What I wish I could have asked Stephen Harper

By Steve Paikin - Published on Aug 30, 2016
Stephen Harper announced his retirement from politics on Aug. 26. (Adrian Wyld/CP)



In January, 2013, I found myself at an event at which then-prime minister Stephen Harper was the guest speaker. At one moment in the evening, he was holding court with a small number of people I knew. So I sashayed over and joined the crowd.

I began by asking the PM when he was going to sit down for an interview on The Agenda. To my surprise, he said, “Oh yeah, I really should do that someday.” He spoke favorably about the program and gave me every indication it was just a matter of finding the right time. Harper made several ensuing trips to Toronto, and we did try to work out the logistics with his staff.  But, alas, we never could quite get him into our studio.

Now that Harper has stepped down as the Conservative MP for Calgary Heritage and left public life, I’ve given some thought to the questions I’d still like to ask him. There are plenty, but here’s a list of just twelve.

  1. You won elections in 2006, 2008, and 2011. And you’re the only PM in Canadian history to have won a majority government after winning only a minority. Given how difficult it would have been to win four consecutive elections, you must have known it was an uphill climb to emerge victorious from the 2015 election campaign. So why didn’t you retire on a high note in 2014 and let someone else lead the Conservative Party into the 2015 election?
  2. When you ran the National Citizens Coalition in the late 1990s, you were a libertarian conservative. As prime minister, you did some very un-libertarian things such as using public funds to bail out automakers General Motors and Chrysler. How did you intellectually justify those kinds of decisions to yourself?
  3. This may be an odd question, but in his book about you, author John Ibbitson suggested  ̶  and I’ve heard many others say it  ̶  that you really don’t like people all that much.  He quotes you as saying you do like people, just not the people liked by the old, centrist Canadian establishment. So let’s clarify: do you like people?
  4. Of course politicians and members of the media spar on a regular occasion. It’s the nature of the job. But almost every politician I’ve ever spoken to secretly admits they enjoy the parry and thrust of that relationship. You clearly didn’t. You seemed to hate the media. Why?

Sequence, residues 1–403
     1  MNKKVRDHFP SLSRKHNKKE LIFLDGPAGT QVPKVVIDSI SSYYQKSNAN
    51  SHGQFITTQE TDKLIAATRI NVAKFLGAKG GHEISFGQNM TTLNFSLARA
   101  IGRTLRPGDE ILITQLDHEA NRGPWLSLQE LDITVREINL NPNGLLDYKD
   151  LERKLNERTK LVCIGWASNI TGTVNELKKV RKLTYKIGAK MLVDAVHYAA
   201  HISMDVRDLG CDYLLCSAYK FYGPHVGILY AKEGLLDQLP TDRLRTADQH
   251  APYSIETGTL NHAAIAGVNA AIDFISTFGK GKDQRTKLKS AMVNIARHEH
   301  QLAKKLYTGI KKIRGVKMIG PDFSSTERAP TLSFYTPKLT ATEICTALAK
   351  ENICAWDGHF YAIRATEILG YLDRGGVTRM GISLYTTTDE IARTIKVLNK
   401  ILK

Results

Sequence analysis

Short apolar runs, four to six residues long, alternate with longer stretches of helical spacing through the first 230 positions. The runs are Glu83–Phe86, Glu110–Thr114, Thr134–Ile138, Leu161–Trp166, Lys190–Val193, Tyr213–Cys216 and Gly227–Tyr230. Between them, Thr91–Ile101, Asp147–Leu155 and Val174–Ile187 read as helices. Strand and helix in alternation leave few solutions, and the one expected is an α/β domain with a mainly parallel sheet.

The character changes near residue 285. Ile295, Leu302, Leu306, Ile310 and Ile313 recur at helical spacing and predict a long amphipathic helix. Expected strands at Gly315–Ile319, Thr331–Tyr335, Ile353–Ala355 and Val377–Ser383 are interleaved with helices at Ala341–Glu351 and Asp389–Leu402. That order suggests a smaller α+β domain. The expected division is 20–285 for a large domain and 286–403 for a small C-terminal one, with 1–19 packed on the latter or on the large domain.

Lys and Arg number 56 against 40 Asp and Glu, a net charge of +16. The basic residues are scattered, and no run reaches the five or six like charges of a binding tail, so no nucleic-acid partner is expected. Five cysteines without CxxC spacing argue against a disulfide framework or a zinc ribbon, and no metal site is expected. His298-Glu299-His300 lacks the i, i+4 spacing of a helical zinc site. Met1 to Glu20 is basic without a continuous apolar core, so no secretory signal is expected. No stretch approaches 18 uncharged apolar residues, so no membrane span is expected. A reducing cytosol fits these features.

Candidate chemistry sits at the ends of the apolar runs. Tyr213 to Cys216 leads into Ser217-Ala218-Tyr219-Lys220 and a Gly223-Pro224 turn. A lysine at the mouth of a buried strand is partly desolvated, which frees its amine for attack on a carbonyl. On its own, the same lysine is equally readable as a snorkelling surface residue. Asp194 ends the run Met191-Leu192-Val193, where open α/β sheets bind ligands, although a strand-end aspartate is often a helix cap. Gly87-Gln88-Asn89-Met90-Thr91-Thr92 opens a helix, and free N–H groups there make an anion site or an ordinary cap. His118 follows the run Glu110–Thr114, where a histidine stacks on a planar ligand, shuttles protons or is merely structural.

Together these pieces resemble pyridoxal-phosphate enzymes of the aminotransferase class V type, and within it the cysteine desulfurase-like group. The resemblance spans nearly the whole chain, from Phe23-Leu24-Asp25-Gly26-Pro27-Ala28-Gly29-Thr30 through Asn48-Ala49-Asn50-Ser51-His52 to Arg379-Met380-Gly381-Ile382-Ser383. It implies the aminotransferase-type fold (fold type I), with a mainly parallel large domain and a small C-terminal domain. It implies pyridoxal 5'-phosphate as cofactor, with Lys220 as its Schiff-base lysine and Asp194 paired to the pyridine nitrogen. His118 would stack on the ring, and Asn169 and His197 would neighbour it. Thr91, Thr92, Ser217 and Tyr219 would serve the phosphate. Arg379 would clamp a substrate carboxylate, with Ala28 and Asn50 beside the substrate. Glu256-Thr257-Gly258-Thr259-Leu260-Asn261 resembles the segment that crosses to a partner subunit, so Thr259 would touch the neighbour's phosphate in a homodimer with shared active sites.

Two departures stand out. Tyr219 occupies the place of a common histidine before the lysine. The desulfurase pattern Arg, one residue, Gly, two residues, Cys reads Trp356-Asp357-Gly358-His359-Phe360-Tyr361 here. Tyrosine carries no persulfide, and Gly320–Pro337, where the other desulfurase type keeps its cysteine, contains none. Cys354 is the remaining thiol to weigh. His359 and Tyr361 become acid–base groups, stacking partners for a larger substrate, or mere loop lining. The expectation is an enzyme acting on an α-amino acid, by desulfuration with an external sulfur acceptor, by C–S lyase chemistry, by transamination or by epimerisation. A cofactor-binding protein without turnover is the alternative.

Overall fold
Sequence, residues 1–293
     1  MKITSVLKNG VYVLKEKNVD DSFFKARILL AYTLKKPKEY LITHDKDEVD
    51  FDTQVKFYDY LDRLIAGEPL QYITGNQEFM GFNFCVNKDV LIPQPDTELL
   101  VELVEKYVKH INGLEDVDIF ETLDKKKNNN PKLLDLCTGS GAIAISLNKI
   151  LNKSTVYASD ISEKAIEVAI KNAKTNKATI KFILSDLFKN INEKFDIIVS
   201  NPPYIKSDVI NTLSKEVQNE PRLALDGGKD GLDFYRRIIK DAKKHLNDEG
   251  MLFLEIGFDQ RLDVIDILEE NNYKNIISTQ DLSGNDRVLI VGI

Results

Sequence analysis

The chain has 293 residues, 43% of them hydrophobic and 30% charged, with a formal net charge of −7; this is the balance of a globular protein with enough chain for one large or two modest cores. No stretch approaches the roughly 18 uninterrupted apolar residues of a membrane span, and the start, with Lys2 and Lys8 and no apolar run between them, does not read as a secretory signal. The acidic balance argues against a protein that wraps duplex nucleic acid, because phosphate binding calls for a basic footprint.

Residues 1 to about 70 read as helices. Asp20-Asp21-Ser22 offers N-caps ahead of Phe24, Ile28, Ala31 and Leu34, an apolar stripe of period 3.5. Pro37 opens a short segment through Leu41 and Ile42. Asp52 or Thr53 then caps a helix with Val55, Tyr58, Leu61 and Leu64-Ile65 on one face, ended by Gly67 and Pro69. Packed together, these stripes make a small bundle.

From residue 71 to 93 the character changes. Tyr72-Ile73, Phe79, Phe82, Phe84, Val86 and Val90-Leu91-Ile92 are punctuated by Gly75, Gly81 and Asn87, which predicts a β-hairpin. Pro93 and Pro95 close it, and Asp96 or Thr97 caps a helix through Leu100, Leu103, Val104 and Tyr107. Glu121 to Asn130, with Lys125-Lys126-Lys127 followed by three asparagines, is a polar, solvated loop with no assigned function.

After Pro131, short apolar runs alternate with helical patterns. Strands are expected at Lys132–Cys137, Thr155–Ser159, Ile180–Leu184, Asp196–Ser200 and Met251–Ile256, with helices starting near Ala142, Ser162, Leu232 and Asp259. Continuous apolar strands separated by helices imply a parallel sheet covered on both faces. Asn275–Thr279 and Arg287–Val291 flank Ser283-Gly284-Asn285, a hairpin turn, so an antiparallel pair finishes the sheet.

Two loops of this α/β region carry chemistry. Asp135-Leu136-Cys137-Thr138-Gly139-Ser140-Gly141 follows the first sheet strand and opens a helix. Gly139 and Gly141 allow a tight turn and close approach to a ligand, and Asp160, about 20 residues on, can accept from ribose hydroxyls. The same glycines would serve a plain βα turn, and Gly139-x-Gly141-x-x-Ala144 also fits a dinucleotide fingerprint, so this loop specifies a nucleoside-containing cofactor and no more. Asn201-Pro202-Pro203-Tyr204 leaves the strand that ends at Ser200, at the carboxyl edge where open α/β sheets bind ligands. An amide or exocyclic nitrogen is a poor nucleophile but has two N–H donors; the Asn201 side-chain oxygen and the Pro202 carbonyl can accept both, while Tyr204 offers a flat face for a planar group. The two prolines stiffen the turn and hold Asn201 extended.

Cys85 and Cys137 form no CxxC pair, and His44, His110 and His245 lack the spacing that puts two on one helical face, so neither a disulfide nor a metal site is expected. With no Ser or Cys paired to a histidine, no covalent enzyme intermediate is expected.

5. At that event I described in the introduction to this column, you and I talked about why you felt uncomfortable revealing your personable, charming, and funny side more often. I have seen that side of you. And you occasionally showed that facet of your personality, for example when you played the piano at the National Arts Centre, or demonstrated some very clever self-deprecating humour at your finance minister Jim Flaherty’s funeral. But clearly by the end of your tenure, too many Canadians thought you were too mean and too dour.  Why didn’t you show that funnier, more personable part of you more often?
  6. So many observers think you brought a new meanness to politics in Canada. Do you think so?
  7. In hindsight, any reservations about getting into that unprecedented, public spat with the Chief Justice of the Supreme Court of Canada in 2013, when she and her colleagues rejected your nominee for the Court?
  8. You were a Reform Party MP from 1993 to 1997, then left politics. When you came back into public life in 2002, the centre-right forces in the country were split among the Canadian Alliance, the Progressive Conservative Party, and the Bloc Quebecois. How high up your list of achievements would you say re-unifying the centre-right forces into the new Conservative Party of Canada was?
  9. You leave office as the sixth longest-serving prime minister in Canadian history  ̶  nine years and 271 days  ̶  only behind William Lyon Mackenzie King, Sir John A. Macdonald, Pierre Trudeau, Sir Wilfrid Laurier, and Jean Chrétien. How do you think history will regard your prime ministership?
  10. Tell us one significant decision you wish you’d done differently?
  11. There are two kinds of leaders in politics: transformational leaders, who truly leave a mark on their country; and transactional leaders, who manage the store but don’t transform the country. The previous conservative PM, Brian Mulroney, was the former (Free Trade, Goods and Services Tax, Meech Lake Constitutional Accord, Charlottetown Accord, sanctions on South Africa, etc.). Which do you think you were?
  12. What was the one thing you think Canadians misunderstood about you the most?

Now that Harper is setting up his own global affairs consultancy in Calgary, I don’t imagine he’ll be sitting down with us at TVO anytime soon.

A man filming in The Agenda studio

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But I’d still love to know how he’d answer these twelve questions. My door’s always open, Mr. Harper. Our invitation still stands. Maybe someday?  

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